'A study admirable in its balance of past and present, reflection and urgency.'
'A necessary project of historical retrieval, but ... also a brilliant call for the renewal of public discourse on the Left ... it should be of interest well beyond academic circles.'
-Canadian Historical Review
'The strengths of the book are the passion of the author and his ability to move across time with a remarkable range of examples. He is also right in his willingness to open up the debate, and to see that broader social and political movements-for women's rights and Native rights, for example-should in fact be understood as part of the broad family of change.'
-Literary Review of Canada
'A stunningly clear and politically committed work.'
'I would recommend Rebels, Reds, Radicals to young readers and established scholars alike, as the imperative of social justice is all too often lost in the abandon of postmodernist speculation. ...If Rebels, Reds, Radicals is any indication of the quality of scholarship which will follow in the multi-volume work, we should all look forward to an influential contribution which will have implications for sociologists, historians, and political scientists.'
-Canadian Review of Sociology and Anthropology
'McKay's promised three volume reconnaissance of the Canadian Left ... will allow socialists to understand the processes that created and undermined the Lefts of the past. The result will be new insights and, undoubtedly, new disagreements and new debate. The Left can only benefit.'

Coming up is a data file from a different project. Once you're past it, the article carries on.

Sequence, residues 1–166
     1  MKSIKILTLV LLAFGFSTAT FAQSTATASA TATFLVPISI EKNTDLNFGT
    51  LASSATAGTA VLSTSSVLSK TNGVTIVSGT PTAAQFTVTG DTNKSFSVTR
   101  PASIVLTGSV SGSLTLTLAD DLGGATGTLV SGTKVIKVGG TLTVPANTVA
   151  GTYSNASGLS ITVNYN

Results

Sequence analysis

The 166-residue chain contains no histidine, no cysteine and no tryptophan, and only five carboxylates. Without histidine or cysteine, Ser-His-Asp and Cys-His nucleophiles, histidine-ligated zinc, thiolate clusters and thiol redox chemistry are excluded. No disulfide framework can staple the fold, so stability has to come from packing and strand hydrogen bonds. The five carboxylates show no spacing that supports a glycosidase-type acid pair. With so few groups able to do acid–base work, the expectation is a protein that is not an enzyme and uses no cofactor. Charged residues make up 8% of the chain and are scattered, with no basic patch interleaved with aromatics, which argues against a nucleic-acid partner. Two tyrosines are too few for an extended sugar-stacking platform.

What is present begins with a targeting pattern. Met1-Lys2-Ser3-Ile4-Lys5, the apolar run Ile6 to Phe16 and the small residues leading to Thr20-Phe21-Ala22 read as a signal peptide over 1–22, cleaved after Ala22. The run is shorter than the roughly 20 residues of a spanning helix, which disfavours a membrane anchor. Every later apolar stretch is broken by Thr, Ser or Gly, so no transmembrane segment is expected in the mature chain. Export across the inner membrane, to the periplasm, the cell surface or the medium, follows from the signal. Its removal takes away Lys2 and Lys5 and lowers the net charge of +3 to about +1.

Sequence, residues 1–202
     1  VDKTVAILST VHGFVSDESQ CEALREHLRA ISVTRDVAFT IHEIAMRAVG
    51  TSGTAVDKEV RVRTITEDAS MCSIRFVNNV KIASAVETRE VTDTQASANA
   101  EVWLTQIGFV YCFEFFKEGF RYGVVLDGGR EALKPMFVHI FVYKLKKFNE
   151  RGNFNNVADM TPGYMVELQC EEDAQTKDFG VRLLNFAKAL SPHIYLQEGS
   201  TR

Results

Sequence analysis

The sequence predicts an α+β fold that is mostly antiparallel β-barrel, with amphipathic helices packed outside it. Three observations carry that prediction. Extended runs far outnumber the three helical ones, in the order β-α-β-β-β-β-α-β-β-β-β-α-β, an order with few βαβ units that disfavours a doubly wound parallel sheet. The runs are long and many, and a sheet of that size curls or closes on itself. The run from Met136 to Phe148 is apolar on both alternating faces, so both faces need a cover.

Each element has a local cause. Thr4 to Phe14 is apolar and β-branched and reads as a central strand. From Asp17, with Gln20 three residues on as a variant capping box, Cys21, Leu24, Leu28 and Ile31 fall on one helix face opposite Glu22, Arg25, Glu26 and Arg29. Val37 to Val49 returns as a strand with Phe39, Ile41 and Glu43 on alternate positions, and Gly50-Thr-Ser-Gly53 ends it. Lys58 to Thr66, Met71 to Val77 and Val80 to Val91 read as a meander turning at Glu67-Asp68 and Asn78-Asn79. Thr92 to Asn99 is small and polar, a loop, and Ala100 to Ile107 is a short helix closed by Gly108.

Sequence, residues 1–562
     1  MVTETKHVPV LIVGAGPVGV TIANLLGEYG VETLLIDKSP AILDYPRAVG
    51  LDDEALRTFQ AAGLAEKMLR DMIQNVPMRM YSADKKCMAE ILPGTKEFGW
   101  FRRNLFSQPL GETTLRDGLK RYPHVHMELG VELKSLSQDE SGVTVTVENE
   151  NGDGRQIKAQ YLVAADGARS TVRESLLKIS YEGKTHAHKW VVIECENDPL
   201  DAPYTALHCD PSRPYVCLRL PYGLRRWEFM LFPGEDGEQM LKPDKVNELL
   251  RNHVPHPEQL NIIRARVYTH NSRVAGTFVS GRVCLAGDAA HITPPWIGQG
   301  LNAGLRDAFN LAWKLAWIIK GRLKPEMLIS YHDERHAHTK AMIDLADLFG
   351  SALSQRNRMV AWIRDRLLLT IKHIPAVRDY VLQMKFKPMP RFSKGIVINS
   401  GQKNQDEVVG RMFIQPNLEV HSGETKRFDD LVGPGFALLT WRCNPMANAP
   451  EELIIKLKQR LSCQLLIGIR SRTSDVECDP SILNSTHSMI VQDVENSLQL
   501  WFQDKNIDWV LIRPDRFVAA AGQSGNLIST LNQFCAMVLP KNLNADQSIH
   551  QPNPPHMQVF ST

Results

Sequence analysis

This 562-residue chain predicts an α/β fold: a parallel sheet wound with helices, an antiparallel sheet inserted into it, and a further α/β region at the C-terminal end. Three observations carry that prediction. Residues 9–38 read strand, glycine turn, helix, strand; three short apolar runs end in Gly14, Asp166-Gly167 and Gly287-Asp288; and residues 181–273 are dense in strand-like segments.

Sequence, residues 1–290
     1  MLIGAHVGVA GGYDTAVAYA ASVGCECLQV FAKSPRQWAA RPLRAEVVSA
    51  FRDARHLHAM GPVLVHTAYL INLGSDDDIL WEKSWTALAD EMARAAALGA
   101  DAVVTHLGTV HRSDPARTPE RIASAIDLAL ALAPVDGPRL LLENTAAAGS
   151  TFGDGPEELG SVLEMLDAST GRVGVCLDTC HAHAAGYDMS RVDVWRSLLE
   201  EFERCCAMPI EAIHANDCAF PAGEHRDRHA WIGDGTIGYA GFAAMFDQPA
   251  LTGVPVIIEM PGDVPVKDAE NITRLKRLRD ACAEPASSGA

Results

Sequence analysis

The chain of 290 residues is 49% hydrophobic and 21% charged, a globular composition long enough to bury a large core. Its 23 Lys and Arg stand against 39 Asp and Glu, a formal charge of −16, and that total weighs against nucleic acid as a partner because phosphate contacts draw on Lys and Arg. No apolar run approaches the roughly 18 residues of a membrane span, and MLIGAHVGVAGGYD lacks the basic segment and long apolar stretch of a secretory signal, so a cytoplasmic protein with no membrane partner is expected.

'This book is intended as the first volume in what will probably end up being a fairly massive multi-volume history of the Canadian left by this author, and I will read them eagerly as they are released.'
- 'A Canadian Lefty in Occupied Land' (blog)
'A book brimming with big ideas about the history of the Canadian Left that raises issues about the nature of the Left itself. It is also an introduction to... McKay's forthcoming multi-volume history of the Canadian Left, an ambitious work that, on the evidence provided by this book and other writings, will be a very important contribution.'
- Labour/Le Travail
Top Customer Reviews
As such, the book is written in an academic format. Instead of a linear narrative of the "great man" figures of Canadian socialism, the book is divided thematically beginning with the theoretical framework which is then succeeded by McKay's reconnaissance into the fundamental questions of class, religion, gender, and race. Finally, McKay brings all of it together into a detailed analysis of the Winnipeg General Strike of 1919, the crescendo of the movement and the immediate aftermath.
Throughout the book, McKay underlies his analysis using the evolutionary theories of Darwin and Spencer, intertwined with Marxist dogma. It's interesting to see the parallels of the many debates within Canadian socialism with other international movements like Bolshevism. The debates over class-consciousness, nationalism, and free-love to name a few. And while Canadian socialism never garnered the attention of the great thinkers like a Lenin, Trotsky, Bukharin, or a Debs, or Emma Goldman; it's challenge to the liberal order fundamentally changed the political landscape such that Canada's socialist tradition was not simply an ephemeral phenomenon as it was in the United States but instead had a long-lasting impact of which much of its effects can still be felt today.
"Reasoning Otherwise" is a nuanced academic exploration of Canada's left. McKay's writing is engaging as usual and as always, his work always leaves you more "enlightened" then before you began.